YOU MIGHT JUST WANT TO take a little tour of this big rectangular box of a room before you sit down, otherwise you’ll be too distracted to read the menu. Round, glass fishbowls, each holding a bright orange goldfish swimming endless laps, are suspended by chains above the long, graceful bar. Potential seafood swims in tanks or is laid out in colorful splendor on crushed ice. Dozens of submarine-shaped lights float amid underwater murals. Etched glass “waves” subdivide the comfortable, spacy booths and white-clothed tables into intimate groups. Swell decor, but can the food live up toit?
It distracts me now as I remember the tiny, sweet cockle clams in their garlicky broth. Order the house-made focaccia to sop up every drop. Lombardi’s version, like a thin, bubbly pizza crust topped with Parmesan and rosemary, led us to order an appetizer of pizza on another visit. It isn’t on the menu, so be sure to check the blackboard or ask your waiter. Its light topping of basil, smoked mozzarella and sun-dried tomatoes puts American pizza to shame.
The lobster bisque also scored high marks, as did the fried calamari. something I usually don’t order in restaurants because it’s so often horrible. Light, crisp, tender and delicious, it couldn’t have been better, especially with its zesty tomato-caper dipping sauce.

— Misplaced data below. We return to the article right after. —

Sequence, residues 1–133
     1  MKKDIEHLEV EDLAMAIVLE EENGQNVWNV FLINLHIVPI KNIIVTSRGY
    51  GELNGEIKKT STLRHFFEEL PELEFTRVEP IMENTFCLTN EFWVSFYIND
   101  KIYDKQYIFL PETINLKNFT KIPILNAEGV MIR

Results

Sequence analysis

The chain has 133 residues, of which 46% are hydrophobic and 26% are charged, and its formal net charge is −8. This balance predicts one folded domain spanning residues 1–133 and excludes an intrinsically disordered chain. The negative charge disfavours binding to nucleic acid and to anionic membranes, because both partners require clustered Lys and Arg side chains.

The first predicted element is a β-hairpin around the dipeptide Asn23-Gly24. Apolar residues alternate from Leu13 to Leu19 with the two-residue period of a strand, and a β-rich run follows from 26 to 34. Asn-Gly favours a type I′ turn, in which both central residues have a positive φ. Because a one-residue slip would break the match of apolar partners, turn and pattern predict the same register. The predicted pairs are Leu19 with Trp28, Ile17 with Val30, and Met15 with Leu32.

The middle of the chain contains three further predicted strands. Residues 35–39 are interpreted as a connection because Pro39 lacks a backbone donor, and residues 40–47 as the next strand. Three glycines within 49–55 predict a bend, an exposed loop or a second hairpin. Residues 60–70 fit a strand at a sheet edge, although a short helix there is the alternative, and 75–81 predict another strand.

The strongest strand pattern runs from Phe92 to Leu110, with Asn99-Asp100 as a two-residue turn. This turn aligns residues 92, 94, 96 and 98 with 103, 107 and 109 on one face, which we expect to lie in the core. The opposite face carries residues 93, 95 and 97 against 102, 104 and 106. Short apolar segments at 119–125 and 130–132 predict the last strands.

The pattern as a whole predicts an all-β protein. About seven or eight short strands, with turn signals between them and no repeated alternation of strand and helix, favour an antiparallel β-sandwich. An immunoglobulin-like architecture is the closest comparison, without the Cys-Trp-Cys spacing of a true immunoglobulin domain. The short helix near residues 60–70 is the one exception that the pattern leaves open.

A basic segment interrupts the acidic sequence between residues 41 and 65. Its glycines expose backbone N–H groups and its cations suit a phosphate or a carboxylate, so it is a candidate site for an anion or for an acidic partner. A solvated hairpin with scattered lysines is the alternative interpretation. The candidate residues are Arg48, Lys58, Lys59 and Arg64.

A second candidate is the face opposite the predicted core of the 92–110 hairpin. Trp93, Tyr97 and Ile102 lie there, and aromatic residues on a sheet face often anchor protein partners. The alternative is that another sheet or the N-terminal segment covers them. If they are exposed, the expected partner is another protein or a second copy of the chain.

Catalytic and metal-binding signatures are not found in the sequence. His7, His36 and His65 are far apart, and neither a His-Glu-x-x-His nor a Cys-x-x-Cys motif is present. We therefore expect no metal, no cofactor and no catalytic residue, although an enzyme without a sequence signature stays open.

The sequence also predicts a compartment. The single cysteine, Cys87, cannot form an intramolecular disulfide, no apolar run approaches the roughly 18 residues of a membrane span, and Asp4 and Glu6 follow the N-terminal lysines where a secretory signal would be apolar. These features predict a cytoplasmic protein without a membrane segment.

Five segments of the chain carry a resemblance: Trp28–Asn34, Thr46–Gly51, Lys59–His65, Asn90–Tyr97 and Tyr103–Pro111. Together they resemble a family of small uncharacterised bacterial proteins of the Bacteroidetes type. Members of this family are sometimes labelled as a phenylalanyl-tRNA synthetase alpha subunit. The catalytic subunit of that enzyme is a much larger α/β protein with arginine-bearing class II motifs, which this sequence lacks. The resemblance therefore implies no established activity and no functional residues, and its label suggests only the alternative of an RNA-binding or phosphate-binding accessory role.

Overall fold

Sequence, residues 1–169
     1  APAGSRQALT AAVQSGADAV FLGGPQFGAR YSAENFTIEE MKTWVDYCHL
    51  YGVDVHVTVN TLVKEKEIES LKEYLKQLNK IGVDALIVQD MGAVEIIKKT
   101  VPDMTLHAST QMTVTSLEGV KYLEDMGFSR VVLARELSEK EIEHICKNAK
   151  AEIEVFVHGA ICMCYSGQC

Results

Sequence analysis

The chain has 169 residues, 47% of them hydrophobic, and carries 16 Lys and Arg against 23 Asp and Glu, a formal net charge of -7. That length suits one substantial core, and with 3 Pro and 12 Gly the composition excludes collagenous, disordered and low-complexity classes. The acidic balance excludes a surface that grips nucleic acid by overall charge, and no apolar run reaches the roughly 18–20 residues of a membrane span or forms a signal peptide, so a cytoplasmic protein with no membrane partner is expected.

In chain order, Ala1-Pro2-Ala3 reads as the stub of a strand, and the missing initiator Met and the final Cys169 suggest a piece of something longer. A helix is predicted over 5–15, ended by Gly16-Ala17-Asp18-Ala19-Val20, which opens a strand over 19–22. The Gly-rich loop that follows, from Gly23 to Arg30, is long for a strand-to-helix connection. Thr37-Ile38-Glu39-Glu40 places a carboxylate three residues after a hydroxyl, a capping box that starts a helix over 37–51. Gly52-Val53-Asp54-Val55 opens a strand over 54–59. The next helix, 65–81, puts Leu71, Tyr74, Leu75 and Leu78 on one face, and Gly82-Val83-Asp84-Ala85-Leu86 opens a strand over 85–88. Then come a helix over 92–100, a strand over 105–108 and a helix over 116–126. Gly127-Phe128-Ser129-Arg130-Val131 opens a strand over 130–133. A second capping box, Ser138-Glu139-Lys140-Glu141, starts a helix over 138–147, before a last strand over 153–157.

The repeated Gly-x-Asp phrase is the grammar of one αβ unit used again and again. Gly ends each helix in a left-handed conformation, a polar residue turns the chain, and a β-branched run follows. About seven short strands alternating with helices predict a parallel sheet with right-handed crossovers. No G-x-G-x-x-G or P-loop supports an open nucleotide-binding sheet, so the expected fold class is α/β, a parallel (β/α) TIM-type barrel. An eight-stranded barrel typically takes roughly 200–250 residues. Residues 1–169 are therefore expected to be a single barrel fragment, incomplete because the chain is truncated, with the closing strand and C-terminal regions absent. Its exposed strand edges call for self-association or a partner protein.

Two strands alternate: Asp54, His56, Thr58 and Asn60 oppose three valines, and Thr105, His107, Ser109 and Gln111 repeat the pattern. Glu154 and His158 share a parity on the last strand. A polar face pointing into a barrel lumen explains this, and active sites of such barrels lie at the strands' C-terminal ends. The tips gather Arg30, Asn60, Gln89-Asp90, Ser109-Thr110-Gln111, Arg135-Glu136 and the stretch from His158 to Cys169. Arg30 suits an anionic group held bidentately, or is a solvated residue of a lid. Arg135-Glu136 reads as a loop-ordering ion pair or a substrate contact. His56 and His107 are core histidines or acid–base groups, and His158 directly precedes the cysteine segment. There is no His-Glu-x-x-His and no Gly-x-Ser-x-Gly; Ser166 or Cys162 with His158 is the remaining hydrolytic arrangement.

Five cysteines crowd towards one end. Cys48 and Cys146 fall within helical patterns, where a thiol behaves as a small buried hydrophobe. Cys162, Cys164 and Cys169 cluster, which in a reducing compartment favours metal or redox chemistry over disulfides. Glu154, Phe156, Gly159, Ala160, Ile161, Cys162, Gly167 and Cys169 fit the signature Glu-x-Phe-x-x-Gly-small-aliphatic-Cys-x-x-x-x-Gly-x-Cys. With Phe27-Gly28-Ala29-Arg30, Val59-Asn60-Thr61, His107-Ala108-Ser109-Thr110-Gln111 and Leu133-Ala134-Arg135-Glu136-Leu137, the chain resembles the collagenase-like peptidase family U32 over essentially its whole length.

Panzanella, a classic Italian salad, was beautifully served and carefully prepared but contained more croutons than tomatoes, cucumber or onion (and those dense croutons resisted fork-spearing).
Of the main courses tried, only one disappointed: the bland, overcooked monk-fish. Perfectly executed was the risotto di mare, with asparagus, scallops and shrimp; the pasta with a veal ragu would soothe any winter-weary soul. The lighter crab and cheese soufflé, which arrived with unmen-tioned (but very appreciated) lobster sauce, was richly satisfying.
The dessert list is extensive. The crème br?lée is not, as promised, “the best in Dallas,” but the Tuscan bread pudding, which makes no such claim, just might be the best bread pudding in the city-light and airy, crusty and creamy, with white raisins plumped in liquor, and accompanied by some killerice cream, whose flavor we debated. Eggnog? Nutmeg? Rum? One employee told us vanilla; another said rum raisin. No matter, we loved it.
Lombardi Mare offers a feast for the taste buds as well as the eyes. Mixed reviews on the aural presentation, however-the music’s way too loud, but we loved the Italian lessons piped into the rest-rooms. -Suzanne Hough Lombardi Mare. 5100 Belt Line Rd., Addison, 972-503-1233. 11 a.m.-11 p.m., Monday-Thursday; 11 a.m.-midnight, Friday; 5 p.m.-midnight, Saturday: 11 a.m.-10 p.m., Sunday (brunch, 11 a.m.-3:30p.m.). Moderate.